Plein Air Painting in Glacier National Park
June 17 – June 19, I had the pleasure of painting in Glacier National Park for the Hockaday Museum’s annual paint out, Plein Air Glacier. My friend Jim flew in from Albuquerque, New Mexico. As soon as his plane touched ground, we had our canvases out and were painting scenes close to my house in Arlee, Montana.
New Mexican Finds Water
First, we painted a river scene because there is not a lot of water where Jim hails from in Albuquerque, New Mexico. The Jocko River flows out of Jocko canyon and meanders its way through the valley of Arlee before heading north to join the main fork of the Flathead River. The river provides many opportunities for painting as well as fishing on public (tribal permit required) land. After painting the river, we took a quick break and painted in Jocko canyon up towards Grey Wolf peak–at least a scene looking towards the peak.
North to Glacier National Park
After these initial warm-up plein air sessions, the next day we headed north to Glacier National Park. With our panels stamped, we entered the park at West Glacier and proceeded to do a little reconnaissance. We stopped at various pullouts along MacDonald Creek on our way to Logan Pass. The road to the pass was open but beyond was closed due to what I believe was rock slides. This wasn’t my first time in the park but was the first time having a little more access. All of my initial attempts were made too early in the season or I simply didn’t have time to take in the scenery.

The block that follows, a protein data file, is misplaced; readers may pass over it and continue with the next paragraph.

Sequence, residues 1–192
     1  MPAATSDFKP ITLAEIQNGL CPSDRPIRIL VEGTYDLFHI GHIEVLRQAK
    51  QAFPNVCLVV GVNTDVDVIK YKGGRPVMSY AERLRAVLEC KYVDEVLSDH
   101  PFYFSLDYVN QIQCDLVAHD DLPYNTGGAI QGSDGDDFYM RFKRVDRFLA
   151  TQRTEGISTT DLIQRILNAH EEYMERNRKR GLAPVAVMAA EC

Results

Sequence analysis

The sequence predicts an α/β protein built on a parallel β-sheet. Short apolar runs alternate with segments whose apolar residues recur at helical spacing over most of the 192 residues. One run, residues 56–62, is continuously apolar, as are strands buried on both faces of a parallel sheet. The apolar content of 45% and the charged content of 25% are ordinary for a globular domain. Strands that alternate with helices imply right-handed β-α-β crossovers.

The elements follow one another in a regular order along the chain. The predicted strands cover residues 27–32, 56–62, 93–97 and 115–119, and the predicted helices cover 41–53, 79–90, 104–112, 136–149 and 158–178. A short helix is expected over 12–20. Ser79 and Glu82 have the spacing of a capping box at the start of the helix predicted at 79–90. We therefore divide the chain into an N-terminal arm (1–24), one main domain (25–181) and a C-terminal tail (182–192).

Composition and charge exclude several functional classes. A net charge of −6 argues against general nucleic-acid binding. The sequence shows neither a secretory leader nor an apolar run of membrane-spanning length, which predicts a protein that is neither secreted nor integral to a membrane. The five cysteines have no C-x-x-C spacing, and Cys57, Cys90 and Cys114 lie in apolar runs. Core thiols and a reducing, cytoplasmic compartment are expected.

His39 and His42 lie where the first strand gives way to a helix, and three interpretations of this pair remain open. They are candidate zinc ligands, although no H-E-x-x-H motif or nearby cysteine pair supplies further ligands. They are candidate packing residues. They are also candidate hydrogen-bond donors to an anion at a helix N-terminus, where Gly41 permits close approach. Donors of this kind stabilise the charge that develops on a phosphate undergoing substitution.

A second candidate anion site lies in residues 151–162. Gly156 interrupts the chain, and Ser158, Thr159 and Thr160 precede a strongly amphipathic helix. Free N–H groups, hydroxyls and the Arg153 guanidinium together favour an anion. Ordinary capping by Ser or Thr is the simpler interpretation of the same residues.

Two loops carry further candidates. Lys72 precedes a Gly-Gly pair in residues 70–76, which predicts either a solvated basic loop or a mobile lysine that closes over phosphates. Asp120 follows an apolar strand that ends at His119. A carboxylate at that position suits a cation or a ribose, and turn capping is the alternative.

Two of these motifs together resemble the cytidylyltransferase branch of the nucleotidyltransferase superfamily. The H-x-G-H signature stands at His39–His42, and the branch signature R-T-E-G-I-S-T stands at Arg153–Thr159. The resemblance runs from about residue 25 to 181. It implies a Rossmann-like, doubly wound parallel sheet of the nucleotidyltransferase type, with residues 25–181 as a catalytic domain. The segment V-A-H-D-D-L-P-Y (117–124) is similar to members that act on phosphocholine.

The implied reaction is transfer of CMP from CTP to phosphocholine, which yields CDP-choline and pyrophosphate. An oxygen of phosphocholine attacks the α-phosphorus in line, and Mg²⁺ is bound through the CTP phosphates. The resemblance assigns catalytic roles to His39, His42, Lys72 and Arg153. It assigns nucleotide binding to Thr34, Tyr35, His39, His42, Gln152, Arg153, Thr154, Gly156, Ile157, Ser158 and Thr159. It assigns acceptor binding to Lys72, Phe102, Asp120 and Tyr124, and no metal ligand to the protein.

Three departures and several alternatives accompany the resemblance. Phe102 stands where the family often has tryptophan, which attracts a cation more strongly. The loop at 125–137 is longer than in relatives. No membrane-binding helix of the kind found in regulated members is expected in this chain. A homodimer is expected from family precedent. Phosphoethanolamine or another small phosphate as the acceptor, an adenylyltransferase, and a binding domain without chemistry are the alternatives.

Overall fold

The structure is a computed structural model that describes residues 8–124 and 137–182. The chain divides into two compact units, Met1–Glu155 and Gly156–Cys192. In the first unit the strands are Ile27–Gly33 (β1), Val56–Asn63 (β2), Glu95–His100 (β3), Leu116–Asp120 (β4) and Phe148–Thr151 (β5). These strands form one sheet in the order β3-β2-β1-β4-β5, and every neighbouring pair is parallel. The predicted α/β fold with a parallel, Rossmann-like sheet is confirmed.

Getting Out to Paint
Once there, it didn’t take too long to figure out what I wanted to paint. There was a nice peak, still mostly covered in snow, looking towards the sun with a few passing clouds. It made for a beautiful scene. Jim opted for setting up in the parking lot while I made my way up past the visitor center and found a nice view from a path. The path was less conspicuous and ended shortly beyond my set-up because of snow. However, I still had a lot of people approach and talk to me, which was nice compared to the isolation I usually find while painting locally and usually remotely. Most people were super-friendly and asked the typical questions–How long have you been painting? How long did it take you to paint that? I had a tough time staying focused but the few interruptions weren’t bad all in all. Jim, on the other hand, had a very difficult time. He had placed himself in a high traffic area and had a constant stream of visitors. Lesson learned: if painting in a popular area, be prepared to be interrupted– whether it is people, cows or bugs!